Wednesday, October 27

Today is Wednesday of WEEK 10 of the class. If you have not turned in your Week 9 Storybook assignment yet, you may still do that for partial credit. Wednesday morning, until noon, is the grace period if you forgot to do any of the assignments that were due on Tuesday.

Week 10 Internet assignment: Extra credit option. (repeat announcement) The Week 10 Internet assignment is available now and in addition to the usual task of reading three Storybooks and commenting on them, there is an additional "extra credit" option where you can read three more Storybooks and comment on them for an additional 6 points. Last year a student suggested that I add this option for the next few weeks so that you have more of a chance to read all the Storybooks in your class, and that seemed like a good idea to me! So, in Week 10, and also in Week 11 and Week 12, you have the extra credit option of doubling up and reading more Storybooks for extra credit if you want.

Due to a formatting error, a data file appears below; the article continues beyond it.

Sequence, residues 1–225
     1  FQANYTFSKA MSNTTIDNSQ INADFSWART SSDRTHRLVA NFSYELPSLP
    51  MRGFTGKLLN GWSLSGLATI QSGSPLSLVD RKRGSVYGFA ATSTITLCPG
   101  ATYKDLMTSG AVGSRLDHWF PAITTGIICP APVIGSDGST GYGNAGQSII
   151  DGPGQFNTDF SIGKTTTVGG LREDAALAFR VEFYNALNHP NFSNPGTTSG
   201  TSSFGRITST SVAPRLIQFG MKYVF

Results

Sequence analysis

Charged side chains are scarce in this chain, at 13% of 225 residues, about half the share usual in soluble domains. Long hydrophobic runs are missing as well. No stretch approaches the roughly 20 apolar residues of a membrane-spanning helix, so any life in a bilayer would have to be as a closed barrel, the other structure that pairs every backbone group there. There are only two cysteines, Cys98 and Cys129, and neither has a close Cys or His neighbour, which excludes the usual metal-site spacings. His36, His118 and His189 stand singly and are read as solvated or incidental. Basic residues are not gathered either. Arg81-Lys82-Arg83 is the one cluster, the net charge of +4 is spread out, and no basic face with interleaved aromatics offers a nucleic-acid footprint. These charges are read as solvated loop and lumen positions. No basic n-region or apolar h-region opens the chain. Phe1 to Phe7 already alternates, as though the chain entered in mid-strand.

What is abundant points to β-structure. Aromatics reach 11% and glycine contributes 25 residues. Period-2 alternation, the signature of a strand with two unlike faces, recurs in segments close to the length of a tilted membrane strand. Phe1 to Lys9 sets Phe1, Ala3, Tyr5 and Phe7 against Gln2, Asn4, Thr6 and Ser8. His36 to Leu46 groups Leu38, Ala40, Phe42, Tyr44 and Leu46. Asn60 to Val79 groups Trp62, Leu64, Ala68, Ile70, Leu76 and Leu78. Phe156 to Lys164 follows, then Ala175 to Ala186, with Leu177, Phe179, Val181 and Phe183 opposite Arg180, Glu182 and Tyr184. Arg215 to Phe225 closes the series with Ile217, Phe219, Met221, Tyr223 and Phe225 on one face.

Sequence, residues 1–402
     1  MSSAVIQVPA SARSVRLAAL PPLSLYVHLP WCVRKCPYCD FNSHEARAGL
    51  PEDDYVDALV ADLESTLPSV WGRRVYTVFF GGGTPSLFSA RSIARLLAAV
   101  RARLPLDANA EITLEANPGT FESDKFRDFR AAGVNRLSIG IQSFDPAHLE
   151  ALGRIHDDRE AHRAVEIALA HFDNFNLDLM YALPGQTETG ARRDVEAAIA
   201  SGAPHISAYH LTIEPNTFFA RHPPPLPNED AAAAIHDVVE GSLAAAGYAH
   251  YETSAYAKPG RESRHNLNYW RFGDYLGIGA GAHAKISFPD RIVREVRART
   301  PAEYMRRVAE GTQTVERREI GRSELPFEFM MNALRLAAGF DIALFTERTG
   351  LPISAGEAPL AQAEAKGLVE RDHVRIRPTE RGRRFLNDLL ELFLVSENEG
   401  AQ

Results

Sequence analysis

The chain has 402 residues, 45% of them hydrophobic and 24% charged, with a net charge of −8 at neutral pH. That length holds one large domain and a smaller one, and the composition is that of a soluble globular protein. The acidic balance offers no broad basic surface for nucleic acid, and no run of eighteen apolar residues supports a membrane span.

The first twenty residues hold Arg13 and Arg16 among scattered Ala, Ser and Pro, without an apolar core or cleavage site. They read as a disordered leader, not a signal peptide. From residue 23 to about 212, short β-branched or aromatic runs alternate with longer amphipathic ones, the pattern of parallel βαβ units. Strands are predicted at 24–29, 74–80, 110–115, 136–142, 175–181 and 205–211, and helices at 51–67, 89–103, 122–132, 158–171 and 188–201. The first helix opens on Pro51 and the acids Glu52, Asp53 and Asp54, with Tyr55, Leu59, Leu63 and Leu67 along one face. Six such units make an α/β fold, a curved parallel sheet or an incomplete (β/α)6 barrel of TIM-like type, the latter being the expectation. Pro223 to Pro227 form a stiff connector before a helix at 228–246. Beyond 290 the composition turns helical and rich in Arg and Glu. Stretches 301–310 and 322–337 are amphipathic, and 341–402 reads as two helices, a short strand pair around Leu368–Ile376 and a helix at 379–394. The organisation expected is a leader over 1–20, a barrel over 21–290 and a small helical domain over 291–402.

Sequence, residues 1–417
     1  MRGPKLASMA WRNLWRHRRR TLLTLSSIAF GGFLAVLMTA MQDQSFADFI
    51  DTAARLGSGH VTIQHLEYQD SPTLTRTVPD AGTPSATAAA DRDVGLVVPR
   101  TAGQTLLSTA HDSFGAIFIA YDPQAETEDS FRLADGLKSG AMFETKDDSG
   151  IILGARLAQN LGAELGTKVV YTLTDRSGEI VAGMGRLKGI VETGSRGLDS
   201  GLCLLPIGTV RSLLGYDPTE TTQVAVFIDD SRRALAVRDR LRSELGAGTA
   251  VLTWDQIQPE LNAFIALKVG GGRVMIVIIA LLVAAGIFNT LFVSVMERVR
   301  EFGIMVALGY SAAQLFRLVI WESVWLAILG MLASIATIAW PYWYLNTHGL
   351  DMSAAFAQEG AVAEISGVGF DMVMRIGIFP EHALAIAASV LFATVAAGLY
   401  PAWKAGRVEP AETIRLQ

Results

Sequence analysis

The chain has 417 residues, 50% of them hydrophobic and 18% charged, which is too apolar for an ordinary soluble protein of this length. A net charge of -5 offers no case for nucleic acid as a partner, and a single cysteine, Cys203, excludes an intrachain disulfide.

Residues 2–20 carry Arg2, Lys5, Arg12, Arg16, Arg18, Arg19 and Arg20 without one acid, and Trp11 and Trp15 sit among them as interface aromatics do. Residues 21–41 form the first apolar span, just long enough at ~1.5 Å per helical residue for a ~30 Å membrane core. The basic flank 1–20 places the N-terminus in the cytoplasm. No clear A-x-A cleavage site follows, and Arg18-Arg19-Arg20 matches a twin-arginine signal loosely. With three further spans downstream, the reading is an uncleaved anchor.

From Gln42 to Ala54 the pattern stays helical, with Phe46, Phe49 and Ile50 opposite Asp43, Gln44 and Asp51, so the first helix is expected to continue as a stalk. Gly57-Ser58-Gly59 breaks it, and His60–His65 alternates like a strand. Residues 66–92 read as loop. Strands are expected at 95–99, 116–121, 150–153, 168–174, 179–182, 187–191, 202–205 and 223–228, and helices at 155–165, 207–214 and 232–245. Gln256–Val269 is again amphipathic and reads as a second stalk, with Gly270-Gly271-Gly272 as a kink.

Storybook Stack. As usual at the beginning of the week, there are still LOTS of Storybook assignments in the stack. If you turned something in before 7PM on Sunday, you should have comments back from me already. If you turned something in later on Sunday or on Monday, it is probably still in the stack waiting for me to get to it. If you want to check and make sure your assignment is in the stack, you can see the contents of the stack here. Remember: if you turned in a revision assignment, you don't need to wait for comments back from me to go on to your next story. Also, see Tuesday's announcements for additional information about finishing up your Storybook.

October 27: Birthday of Erasmus. Today marks the birthday in the year 1466 of the Desiderius Erasmus, one of the greatest scholars of the Renaissance. You can read about Erasmus's remarkable life and career in this Wikipedia article. Of all the great thinkers and scholars in the history of the world, Erasmus is my own personal hero. One of his books in particular has been very important in my own life - a huge collection of thousands and thousands of Latin proverbs, with little essays about each one, called the Adagia. Erasmus is also one of the most important figures in the history of critical editions of the Bible in Greek and in Latin. Below is a famous portrait of Erasmus by Hans Holbein the Younger; along the edge of the book facing the viewer the letters read "The Labors of Heracles" in Greek (ΗΡΑΚΛΕΙΟΙ ΠΟΝΟΙ = HERAKLEIOI PONOI), alluding to the amazing feats which Erasmus accomplished in his life as a scholar.